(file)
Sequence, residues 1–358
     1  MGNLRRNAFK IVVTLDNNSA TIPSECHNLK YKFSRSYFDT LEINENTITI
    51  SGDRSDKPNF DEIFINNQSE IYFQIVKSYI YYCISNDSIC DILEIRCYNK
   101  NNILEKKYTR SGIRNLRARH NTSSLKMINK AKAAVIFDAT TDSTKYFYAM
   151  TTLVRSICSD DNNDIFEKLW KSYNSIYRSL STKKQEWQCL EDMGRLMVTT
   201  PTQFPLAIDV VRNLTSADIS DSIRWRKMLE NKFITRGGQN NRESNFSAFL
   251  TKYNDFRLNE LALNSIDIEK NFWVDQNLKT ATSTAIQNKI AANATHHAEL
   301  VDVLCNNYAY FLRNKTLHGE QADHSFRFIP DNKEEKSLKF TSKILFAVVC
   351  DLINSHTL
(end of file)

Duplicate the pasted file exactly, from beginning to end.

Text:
Sequence, residues 1–358
     1  MGNLRRNAFK IVVTLDNNSA TIPSECHNLK YKFSRSYFDT LEINENTITI
    51  SGDRSDKPNF DEIFINNQSE IYFQIVKSYI YYCISNDSIC DILEIRCYNK
   101  NNILEKKYTR SGIRNLRARH NTSSLKMINK AKAAVIFDAT TDSTKYFYAM
   151  TTLVRSICSD DNNDIFEKLW KSYNSIYRSL STKKQEWQCL EDMGRLMVTT
   201  PTQFPLAIDV VRNLTSADIS DSIRWRKMLE NKFITRGGQN NRESNFSAFL
   251  TKYNDFRLNE LALNSIDIEK NFWVDQNLKT ATSTAIQNKI AANATHHAEL
   301  VDVLCNNYAY FLRNKTLHGE QADHSFRFIP DNKEEKSLKF TSKILFAVVC
   351  DLINSHTL